Cut the Fat: Four Ways to Stop Wasting Money

Cut the Fat: Four Ways to Stop Wasting Money

Cut the Fat: Four Ways to Stop Wasting Money

As you are on your path to Financial Freedom, I want to offer you some tips on how to stop wasting your hard-earned money. Why keep giving your money away to the corporations who are so desperate to reach into your wallet, when you could be saving this money for yourself? Maybe you are on Level One (click here to learn more about our Five Levels of Financial Freedom), desperately trying to start your systematic monthly savings. Or maybe you are saving money each month, and now you want to increase the amount that you put back.

Regardless of your situation, the following tips and ideas can help you and your family “cut the fat” from your budget.

1. Avoid shopping traps, which cause needless spending.

Stores spend billions on the science of getting you to spend your hard-earned cash on their products. They understand how your brain works and then use this knowledge against you. Here are 10 ways to avoid shopping traps and spend less money when you go shopping.

2. Review your insurance protection.

The most important thing to remember about insurance coverage is that there are no “do-overs”. Take your time in choosing your policies. Make sure every piece of protection that you would want is in effect and properly structured to meet your specific financial goals. Think about raising your deductibles and using the savings to increase your coverage.

Here are the insurance policies you may want to examine (the last two are not technically insurance, but need to be reviewed periodically nonetheless):

  • Auto
  • Home
  • Liability (personal and/or business)
  • Life
  • Disability
  • Long-term Care
  • Last Will and Testament
  • Advance Healthcare Directives

3. Try homemade gift-giving in 2015.

Instead of spending hundreds, if not thousands, of dollars on birthday and Christmas gifts, create meaningful gifts that come from the heart.

Do you feel like you have to out-do last year’s birthday gifts for your children? Or surprise your grandchildren with a bigger Christmas gift than you gave them last year? Break the cycle of expectation and entitlements and save money at the same time.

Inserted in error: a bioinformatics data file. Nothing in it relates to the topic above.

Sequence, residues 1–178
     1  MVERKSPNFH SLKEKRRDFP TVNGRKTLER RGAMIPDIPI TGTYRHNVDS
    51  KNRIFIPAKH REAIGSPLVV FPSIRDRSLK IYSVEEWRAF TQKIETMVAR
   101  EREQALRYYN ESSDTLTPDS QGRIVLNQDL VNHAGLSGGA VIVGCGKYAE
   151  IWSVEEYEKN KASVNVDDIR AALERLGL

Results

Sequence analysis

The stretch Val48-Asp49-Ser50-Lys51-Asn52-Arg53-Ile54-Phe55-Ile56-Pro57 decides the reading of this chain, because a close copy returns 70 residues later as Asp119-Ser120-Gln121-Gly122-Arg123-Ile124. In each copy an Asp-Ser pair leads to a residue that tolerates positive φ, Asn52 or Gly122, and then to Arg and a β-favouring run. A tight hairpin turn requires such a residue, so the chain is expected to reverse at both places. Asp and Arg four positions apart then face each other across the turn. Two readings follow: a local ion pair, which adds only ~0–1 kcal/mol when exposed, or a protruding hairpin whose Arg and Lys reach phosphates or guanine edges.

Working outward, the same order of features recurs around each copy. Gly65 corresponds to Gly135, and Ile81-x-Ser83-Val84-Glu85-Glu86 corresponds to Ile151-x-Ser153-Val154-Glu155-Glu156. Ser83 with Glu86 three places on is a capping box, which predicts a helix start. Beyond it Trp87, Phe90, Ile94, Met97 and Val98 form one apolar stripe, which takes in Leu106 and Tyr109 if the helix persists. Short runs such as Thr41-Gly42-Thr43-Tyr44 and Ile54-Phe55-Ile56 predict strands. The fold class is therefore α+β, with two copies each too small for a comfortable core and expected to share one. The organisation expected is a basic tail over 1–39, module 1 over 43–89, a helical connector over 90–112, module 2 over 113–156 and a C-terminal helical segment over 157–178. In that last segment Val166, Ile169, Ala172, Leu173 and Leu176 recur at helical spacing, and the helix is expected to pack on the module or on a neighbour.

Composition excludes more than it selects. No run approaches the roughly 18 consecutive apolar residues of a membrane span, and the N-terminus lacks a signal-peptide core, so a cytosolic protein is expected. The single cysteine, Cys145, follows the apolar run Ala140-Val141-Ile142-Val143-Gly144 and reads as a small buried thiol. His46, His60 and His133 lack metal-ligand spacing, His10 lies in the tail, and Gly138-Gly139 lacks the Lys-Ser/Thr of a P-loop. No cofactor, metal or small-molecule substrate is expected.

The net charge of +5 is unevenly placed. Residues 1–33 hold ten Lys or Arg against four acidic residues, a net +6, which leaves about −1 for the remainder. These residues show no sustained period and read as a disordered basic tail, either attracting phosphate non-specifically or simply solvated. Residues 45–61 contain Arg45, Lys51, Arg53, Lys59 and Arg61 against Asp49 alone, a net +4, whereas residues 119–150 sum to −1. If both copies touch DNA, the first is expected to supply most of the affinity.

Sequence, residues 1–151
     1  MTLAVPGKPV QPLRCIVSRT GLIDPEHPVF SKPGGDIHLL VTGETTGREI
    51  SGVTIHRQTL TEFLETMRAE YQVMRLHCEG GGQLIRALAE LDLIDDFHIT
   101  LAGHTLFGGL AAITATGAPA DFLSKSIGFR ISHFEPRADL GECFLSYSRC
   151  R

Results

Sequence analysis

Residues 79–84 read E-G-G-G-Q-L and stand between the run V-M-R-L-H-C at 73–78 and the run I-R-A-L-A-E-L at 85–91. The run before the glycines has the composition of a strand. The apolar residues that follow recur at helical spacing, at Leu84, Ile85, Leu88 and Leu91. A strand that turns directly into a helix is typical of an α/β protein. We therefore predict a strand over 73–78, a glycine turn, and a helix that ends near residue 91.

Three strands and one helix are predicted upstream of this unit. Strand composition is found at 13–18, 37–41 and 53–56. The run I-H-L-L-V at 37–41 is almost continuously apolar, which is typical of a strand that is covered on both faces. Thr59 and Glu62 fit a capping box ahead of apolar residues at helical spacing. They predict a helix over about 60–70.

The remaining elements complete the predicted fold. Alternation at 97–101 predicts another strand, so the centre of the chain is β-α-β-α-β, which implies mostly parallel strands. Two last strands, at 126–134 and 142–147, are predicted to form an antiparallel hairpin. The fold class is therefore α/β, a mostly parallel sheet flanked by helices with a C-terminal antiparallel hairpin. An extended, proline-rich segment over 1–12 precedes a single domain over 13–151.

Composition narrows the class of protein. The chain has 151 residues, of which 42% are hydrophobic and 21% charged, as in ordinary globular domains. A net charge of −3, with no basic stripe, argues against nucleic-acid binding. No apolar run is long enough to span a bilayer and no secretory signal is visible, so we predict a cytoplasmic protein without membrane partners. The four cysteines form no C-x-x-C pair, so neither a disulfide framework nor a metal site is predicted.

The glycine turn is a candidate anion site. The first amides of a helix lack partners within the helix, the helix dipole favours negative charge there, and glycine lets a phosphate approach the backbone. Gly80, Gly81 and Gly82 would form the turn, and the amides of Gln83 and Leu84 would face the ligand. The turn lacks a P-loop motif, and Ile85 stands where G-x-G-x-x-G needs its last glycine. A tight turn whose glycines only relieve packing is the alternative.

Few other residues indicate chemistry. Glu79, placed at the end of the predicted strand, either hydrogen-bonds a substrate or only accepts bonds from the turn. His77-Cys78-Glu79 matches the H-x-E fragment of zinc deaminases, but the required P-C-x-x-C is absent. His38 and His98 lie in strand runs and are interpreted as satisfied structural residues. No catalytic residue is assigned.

As a bonus, if you teach your children to make their gifts as well, they will learn to think outside of the box and be creative. My family has made gifts such as homemade jerky, books, CDs, handmade clothing and accessories, and chocolate candy. These gifts are often used more than anything bought from a store, and we save hundreds of dollars per year (compared to when we used to buy gifts).

4. De-clutter and make money with a sale.

Turn your house upside down for two weeks. Go on eBay, Amazon, and Craigslist and sell everything you don’t need or want.
Then have a garage sale with everything that won’t sell online.

Put all your earnings toward your savings (or toward investments if you already have adequate savings). The difference between a “poor” person and a “wealthy” person is what they choose to do with the money they make.

I hope these ideas will jump start your monthly budget and help you and your family to start saving more money. How about you? Do you have money-saving tips that you would like to share? Feel free to share them in the comments section at the end of this article!

Until next time,
Jennifer Robinson

P.S. You can view the financial plan that Jerry and I used to break free financially… in its entirety… for FREE. It’s called the Five Levels of Financial Freedom, and you can go through each level here.

Don’t Trust Schools to Teach Your Children About Money



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About the Author

Jennifer R
Jennifer R

Jennifer is a financial analyst with experience in corporate finance and the financial services industry. Jennifer is also the Managing Editor of Followthemoney.com’s flagship publication, the Weekend Briefing, and the National Director for the Christian Financial Advisor Network, a nationwide financial advisor referral service.

Jennifer holds a Master’s Degree in Finance and enjoys operating businesses with her husband and business partner, Jerry Robinson. Jennifer also enjoys organic gardening and homeschooling her two sons.